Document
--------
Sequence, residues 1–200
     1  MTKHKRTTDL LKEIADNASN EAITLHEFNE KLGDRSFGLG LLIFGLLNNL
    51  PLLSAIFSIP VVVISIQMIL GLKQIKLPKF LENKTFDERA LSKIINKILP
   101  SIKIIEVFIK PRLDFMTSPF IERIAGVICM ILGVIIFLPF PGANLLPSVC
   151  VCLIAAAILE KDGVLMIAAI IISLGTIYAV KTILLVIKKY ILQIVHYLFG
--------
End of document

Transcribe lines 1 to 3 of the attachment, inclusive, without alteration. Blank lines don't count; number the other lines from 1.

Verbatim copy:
Sequence, residues 1–200
     1  MTKHKRTTDL LKEIADNASN EAITLHEFNE KLGDRSFGLG LLIFGLLNNL
    51  PLLSAIFSIP VVVISIQMIL GLKQIKLPKF LENKTFDERA LSKIINKILP